New Year will Bring Change in Ag Dean

Friday, December 7 2012


MOSCOW, Idaho – John Hammel will close out his time as the dean of the College of Agricultural and Life Sciences this month after nine years in the position to pursue full-time teaching and research opportunities.

“I have greatly appreciated the time that I have served as dean – in spite of some challenging times, we have seen advances with our partners around the state. I look forward to returning to my teaching and research roots within the department of plant, soil and entomological sciences. Specifically as a soil scientist, I am excited about resuming efforts in the area of crop and tillage systems.”

Hammel joined the University of Idaho in November 1982 as a professor of soil physics after serving on the faculty at the University of Georgia in Athens. In April 1998, he had served as associate dean and director of academic programs and was appointed dean in January 2004.

“I’m grateful for John’s commitment to the state of Idaho,” said M. Duane Nellis, University of Idaho president. “As a 21st century land-grant university, John’s support of education, research and extension efforts have reached thousands of Idahoans each year and contributed in important ways to our state’s agricultural economy.”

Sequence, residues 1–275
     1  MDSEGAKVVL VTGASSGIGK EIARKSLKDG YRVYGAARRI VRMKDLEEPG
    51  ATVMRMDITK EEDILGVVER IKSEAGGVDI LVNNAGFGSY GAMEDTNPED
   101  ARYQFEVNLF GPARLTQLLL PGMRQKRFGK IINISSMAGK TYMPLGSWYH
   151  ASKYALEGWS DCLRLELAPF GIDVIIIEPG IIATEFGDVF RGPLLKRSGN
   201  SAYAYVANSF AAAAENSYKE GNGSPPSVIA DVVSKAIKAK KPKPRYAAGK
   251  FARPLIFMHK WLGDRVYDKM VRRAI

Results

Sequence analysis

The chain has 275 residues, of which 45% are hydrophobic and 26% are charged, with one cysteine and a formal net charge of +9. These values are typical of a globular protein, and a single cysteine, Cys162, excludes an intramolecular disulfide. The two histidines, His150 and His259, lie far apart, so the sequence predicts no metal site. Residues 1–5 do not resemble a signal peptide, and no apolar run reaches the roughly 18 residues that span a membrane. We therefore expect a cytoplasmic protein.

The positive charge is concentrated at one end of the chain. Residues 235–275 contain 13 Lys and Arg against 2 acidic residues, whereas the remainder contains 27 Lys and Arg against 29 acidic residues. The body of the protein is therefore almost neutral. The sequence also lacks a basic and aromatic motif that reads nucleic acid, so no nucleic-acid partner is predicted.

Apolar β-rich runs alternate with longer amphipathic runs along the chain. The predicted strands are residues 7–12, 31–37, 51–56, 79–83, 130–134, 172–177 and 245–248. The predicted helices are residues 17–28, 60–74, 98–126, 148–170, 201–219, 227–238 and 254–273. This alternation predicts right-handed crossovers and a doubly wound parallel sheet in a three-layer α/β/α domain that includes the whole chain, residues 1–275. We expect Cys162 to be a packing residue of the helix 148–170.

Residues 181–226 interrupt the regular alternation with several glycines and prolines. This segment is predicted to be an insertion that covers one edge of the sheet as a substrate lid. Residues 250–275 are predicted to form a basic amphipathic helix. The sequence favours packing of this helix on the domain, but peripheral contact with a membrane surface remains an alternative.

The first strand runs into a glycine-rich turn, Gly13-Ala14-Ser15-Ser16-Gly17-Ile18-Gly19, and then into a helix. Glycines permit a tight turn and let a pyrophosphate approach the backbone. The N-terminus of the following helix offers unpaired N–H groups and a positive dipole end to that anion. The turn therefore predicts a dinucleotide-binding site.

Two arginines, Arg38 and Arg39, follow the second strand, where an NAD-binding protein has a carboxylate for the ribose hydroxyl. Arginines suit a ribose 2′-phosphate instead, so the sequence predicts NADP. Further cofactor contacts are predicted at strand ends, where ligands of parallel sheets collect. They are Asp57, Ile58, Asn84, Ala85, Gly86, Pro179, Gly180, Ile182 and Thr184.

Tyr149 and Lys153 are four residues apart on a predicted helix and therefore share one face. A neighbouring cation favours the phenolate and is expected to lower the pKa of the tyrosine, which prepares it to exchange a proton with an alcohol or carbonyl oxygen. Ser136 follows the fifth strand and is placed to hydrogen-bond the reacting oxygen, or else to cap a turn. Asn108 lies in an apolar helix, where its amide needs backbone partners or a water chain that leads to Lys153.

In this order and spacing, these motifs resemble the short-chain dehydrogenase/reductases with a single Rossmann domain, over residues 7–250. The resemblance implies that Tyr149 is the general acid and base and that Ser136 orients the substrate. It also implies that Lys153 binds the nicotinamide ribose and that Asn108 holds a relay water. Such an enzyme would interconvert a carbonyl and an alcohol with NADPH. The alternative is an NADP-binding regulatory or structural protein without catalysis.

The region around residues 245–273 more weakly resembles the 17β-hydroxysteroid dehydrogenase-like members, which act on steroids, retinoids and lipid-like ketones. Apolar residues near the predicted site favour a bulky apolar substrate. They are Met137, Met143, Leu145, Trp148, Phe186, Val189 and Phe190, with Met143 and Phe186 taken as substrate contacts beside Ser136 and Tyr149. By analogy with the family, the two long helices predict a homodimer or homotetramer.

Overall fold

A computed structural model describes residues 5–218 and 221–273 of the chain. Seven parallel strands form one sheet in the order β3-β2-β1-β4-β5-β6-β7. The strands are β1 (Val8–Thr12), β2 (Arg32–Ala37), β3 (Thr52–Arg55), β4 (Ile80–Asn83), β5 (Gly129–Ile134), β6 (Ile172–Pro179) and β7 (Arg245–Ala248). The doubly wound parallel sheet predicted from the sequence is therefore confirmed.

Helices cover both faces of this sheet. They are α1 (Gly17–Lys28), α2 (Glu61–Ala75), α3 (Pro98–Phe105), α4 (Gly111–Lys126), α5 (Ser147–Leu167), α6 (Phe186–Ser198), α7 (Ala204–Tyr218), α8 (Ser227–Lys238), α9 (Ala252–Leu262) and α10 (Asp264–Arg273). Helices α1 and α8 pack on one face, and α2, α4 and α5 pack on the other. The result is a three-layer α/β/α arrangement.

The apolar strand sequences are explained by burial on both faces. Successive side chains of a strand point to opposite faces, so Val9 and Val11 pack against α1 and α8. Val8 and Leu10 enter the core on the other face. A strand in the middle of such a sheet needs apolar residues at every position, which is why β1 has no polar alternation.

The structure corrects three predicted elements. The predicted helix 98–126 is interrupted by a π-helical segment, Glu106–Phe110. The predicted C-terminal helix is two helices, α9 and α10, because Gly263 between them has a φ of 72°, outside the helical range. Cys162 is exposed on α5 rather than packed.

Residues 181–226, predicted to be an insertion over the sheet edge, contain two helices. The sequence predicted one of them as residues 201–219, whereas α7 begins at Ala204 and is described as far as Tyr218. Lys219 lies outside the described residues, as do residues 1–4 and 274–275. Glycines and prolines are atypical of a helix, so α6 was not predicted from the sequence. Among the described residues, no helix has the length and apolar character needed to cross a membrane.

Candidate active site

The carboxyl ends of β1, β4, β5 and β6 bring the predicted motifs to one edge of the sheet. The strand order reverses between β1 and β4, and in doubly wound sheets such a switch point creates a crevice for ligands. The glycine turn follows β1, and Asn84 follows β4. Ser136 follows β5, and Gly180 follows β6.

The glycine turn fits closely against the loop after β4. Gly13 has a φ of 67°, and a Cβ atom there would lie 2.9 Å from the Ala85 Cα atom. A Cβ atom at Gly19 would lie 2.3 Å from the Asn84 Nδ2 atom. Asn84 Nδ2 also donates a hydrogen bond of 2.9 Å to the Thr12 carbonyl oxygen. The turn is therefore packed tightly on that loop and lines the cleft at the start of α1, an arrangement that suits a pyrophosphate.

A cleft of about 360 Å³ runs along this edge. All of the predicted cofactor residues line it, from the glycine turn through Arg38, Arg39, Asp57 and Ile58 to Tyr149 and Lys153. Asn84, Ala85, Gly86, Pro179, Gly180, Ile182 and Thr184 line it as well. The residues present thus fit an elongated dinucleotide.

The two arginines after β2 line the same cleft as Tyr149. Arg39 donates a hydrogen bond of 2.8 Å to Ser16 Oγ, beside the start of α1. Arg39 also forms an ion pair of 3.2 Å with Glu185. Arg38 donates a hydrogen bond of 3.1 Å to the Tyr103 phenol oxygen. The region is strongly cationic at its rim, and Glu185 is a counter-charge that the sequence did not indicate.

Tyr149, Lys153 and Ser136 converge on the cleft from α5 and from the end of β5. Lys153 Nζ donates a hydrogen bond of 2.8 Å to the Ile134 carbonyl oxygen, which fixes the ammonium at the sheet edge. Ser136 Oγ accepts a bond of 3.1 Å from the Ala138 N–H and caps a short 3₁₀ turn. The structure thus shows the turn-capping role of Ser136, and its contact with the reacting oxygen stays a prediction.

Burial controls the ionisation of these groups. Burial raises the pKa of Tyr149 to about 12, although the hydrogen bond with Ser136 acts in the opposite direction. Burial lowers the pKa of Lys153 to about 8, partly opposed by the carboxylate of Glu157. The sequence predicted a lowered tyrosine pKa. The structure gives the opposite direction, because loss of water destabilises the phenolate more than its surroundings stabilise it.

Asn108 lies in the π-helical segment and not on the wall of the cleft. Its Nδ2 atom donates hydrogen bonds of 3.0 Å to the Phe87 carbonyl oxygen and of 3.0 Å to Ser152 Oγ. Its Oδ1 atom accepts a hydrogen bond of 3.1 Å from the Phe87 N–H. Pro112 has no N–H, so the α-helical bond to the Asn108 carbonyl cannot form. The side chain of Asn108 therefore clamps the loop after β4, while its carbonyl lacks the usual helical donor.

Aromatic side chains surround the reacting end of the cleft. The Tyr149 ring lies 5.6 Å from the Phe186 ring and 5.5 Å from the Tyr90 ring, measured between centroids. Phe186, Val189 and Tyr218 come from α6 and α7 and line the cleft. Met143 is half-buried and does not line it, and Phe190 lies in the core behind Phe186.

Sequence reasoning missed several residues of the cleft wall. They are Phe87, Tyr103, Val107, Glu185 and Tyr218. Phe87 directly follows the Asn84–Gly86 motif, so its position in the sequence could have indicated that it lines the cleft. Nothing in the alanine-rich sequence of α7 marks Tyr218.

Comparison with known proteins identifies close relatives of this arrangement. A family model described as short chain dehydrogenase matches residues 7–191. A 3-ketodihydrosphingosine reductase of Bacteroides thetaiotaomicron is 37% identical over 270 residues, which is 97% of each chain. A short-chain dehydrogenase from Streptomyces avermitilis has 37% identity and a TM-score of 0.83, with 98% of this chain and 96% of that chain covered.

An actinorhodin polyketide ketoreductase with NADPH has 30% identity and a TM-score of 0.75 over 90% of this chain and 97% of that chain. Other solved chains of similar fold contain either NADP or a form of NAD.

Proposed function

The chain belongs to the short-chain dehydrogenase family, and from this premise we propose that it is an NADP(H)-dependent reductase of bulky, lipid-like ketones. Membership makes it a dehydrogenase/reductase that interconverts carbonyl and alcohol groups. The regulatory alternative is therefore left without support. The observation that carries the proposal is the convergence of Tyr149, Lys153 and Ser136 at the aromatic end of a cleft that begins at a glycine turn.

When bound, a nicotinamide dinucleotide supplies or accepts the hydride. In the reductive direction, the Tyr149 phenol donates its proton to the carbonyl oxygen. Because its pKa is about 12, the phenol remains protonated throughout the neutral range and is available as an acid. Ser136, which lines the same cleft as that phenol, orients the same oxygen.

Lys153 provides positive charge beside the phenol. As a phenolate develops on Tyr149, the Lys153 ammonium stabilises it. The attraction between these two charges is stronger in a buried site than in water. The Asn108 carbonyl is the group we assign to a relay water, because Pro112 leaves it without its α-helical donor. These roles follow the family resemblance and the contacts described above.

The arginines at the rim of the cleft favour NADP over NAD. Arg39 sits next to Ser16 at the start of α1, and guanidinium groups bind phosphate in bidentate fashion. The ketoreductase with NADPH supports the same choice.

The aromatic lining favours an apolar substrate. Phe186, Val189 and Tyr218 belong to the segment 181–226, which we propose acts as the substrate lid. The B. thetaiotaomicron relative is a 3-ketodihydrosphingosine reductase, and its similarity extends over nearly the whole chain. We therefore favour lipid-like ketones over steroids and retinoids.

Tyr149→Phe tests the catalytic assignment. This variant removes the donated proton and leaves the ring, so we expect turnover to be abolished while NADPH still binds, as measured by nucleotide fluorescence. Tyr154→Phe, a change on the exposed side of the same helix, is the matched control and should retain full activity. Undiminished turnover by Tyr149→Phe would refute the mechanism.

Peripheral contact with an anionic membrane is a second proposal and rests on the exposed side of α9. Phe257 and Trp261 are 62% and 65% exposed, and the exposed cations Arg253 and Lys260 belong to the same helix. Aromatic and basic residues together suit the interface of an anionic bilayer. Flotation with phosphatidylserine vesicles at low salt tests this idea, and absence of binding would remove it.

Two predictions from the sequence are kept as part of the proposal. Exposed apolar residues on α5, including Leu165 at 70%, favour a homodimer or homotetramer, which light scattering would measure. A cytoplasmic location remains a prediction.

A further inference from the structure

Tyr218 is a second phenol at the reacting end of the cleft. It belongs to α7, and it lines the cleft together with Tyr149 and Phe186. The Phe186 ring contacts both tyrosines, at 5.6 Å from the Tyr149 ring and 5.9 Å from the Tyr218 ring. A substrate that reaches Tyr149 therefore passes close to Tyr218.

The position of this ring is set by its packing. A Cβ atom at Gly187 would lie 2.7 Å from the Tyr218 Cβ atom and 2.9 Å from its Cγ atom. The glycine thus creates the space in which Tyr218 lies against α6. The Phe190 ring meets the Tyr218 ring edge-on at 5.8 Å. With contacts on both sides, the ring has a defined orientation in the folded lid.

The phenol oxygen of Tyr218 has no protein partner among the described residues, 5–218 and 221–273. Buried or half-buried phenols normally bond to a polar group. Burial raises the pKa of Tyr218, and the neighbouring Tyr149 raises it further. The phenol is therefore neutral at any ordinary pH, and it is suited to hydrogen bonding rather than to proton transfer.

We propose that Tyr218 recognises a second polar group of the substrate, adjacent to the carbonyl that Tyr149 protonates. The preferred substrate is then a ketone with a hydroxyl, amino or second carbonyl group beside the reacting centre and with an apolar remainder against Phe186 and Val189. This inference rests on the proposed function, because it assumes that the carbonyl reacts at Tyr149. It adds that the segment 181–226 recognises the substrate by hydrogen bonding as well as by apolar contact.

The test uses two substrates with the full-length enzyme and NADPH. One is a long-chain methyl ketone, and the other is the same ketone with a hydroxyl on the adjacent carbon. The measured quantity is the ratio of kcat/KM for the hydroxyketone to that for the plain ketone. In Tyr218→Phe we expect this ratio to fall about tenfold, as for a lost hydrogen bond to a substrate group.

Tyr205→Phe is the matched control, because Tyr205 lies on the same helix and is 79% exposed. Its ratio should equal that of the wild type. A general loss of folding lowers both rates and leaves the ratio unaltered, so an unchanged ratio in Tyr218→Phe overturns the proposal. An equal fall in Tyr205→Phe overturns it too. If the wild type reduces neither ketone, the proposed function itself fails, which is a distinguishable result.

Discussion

Rick Waitley, executive director of Food Producers of Idaho, said, “John Hammel stepped up to provide excellent leadership to the College of Agricultural and Life Sciences during a difficult time. He was an effective advocate for the University of Idaho and for Idaho agriculture. He successfully found ways to create and build partnerships that benefitted both…John is happiest whenever he has a chance to interact with and help students as a faculty adviser and researcher. I want to thank John for his service and look forward to working with him as a productive member of the faculty and continuing leader in Idaho’s agricultural community.”

An internal search will begin immediately for an interim dean while a national search for a new dean can be completed this spring.

Agriculture now ranks as Idaho’s largest single industry and provides a solid foundation for the state’s economy. The College of Agricultural and Life Sciences continues to conduct research, teach students and extend science-based knowledge to benefit people in Idaho, the United States and the world.

As part of the college, the University of Idaho Extension serves the state with offices in 42 counties. The Idaho Agricultural Experiment Station operates research and extension centers and farms across the state. University of Idaho Extension’s 4-H Youth Development Program draws together 38,000 youth and 4,000 volunteers annually throughout Idaho’s communities.

The University of Idaho’s College of Agriculture was created in 1901 to recognize the importance of agricultural research to Idaho. The college’s name was changed to the College of Agricultural and Life Sciences in 2001 as part of its centennial celebration to recognize that its mission and its programs had expanded.
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